alex magnan of young culture
[Photo by Danny DeRusso]

Op-Ed: How I created a home within the pop-punk scene as a Filipino artist

I recall a conversation I had with someone around the time we began Young Culture. They asked me, “What does representing Asian-American culture in the scene mean to you?” I didn’t understand the significance of the question or why it mattered, and it made me feel uncomfortable. Years later, I feel the urge to try to answer that question for myself and for other folks who ask themselves similar questions.

I knew I wanted to be a musician from a very young age. I would steal my brother’s Fall Out Boy, Dashboard Confessional and Taking Back Sunday CDs and listen to them on the bus to school every day. Those people were my idols, my heroes. Most of those people on my bus and in my school didn’t look like me, and neither did my idols. These were some of the first times I felt like I didn’t belong. 

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Fast forward a couple years and I’m throwing out my lunches every day, embarrassed by the ethnic food that my mother would send me to school with. One day, she sent me to school in a Barong Tagalog, and the shame I felt was enough for me to make her pick me up only hours into the day. These were some of the first times I realized I wasn’t “white.”

These experiences followed me for a long time — hating my Asian heritage, feeling excluded because I was different. Not white enough to fit in, but at the same time, not ethnic enough to stand out. This didn’t help when I began attending and playing shows, either. Seeing the people who played the music I love both in my local scene and in popular culture discouraged me a lot. “Why don’t I look like them?” I would ask myself. A lot of Asians are brought up with self-esteem issues and a lack of confidence, especially in America, and it all played a role in how I looked at myself. I would tell myself, “You can’t prosper here.” The lack of representation in bands and musicians I looked up to made me question if a career in music was even possible for someone like me. Despite these doubts, I continued to pursue my passion for music and eventually formed Young Culture with my bandmates.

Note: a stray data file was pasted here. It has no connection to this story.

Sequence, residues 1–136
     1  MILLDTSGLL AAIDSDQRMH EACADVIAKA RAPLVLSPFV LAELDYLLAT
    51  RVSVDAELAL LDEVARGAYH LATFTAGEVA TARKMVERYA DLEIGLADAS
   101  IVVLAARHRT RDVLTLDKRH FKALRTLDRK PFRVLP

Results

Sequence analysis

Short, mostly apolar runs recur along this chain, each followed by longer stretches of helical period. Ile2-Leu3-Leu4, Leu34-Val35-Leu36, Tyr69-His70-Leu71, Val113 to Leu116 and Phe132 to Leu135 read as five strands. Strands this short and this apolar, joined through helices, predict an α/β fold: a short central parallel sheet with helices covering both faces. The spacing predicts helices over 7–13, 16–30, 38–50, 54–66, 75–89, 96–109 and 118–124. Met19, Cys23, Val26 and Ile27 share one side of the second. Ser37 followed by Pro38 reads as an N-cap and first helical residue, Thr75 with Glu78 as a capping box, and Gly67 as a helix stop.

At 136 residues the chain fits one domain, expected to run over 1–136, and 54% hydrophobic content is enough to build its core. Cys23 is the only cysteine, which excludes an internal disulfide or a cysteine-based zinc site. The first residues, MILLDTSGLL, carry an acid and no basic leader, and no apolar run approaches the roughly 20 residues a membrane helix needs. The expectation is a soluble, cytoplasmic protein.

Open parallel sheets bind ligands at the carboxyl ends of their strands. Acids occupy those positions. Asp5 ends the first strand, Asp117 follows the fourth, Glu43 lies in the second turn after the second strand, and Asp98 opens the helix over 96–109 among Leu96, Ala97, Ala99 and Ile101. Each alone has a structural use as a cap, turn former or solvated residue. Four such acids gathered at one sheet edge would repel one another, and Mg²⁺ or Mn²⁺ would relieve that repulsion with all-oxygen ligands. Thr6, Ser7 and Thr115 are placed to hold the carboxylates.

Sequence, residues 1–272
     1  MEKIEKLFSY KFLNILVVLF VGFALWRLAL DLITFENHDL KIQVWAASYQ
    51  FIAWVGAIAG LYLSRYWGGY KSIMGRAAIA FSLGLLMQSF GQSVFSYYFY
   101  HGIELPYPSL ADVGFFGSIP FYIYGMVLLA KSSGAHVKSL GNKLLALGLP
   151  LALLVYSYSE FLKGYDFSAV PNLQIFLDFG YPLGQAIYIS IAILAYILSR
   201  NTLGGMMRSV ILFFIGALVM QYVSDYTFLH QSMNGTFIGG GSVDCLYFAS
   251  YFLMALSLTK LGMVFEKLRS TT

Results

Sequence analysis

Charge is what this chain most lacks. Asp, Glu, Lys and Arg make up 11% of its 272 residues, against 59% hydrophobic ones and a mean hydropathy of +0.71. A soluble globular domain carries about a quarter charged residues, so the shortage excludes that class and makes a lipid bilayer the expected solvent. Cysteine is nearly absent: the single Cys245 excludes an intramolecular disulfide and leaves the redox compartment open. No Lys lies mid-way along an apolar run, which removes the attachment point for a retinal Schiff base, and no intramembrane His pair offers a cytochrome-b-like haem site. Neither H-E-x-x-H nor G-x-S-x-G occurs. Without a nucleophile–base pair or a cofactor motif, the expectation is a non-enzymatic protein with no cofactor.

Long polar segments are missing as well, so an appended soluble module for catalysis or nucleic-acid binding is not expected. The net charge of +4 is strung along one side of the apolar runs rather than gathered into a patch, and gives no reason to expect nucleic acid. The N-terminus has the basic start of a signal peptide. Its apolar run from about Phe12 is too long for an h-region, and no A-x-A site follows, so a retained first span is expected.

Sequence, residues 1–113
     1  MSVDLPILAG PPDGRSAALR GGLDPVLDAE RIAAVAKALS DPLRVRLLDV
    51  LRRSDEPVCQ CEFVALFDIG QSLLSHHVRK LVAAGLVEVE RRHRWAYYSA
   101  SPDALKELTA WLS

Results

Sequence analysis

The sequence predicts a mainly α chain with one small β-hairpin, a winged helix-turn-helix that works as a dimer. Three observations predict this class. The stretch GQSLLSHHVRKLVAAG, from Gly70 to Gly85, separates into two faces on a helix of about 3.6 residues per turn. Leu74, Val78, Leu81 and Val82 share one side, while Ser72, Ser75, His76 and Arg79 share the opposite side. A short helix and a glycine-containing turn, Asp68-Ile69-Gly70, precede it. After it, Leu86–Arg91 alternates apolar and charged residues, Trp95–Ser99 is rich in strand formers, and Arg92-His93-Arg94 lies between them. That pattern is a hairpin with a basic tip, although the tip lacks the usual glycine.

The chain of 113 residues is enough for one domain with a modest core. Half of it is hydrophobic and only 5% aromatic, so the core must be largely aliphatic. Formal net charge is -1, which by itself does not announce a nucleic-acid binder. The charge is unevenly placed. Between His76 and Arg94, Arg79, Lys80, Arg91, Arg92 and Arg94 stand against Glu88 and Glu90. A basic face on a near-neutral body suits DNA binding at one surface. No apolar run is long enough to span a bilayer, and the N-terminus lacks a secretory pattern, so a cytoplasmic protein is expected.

As we began to play shows and tour, I quickly realized that being a person of color in the music community came with its own set of challenges. At times, I felt like an outsider in a scene that was predominantly white. I often found myself being the only person of color on the bill or in the audience. Although my bandmates and peers were always quick to reassure me if I ever had any doubts, this feeling of isolation and disconnection can be overwhelming and disheartening.

However, despite these challenges, I find it important we use our platform as musicians to bring attention to the lack of representation and diversity in the music scene. So many of my POC contemporaries are already doing a great job at this. I want to be a role model for other young AAPI individuals who have dreams of making it in the music industry. I want to show them that it is possible to achieve success and make a difference in a community that often feels exclusionary.

Additionally, I believe that it is important for all musicians and music lovers to actively work toward creating a more inclusive and diverse community — and be careful not to confuse this with appropriating our cultures. This could be actively seeking out and amplifying marginalized voices or simply listening and learning about the experiences of those who have been historically underrepresented. No matter how large or small your efforts are, I guarantee they’re appreciated.

As people of color in the music scene, we’ll always face unique challenges and feelings of isolation. However, I am confident in my and my peers’ efforts to use our platform to create change and empower other marginalized individuals to pursue their dreams in the music industry. This isn’t going to happen alone with words, but my hope is that I can help push the needle toward a more inclusive music industry, and, furthermore, that I can encourage other folks who have struggled with these dilemmas.

How we look, our heritage, and our traditions are what make us beautiful, and I needed to learn that myself. So what does representing Asian-American culture in the scene mean to me? It means that part of my role as a frontman has to be being an example for people who need reminders that we belong. Together, we can work to break down barriers and ensure that everyone has an equal opportunity to pursue their passion for music.

The new album from Young Culture, You Had To Be There, is out now via Equal Vision Records.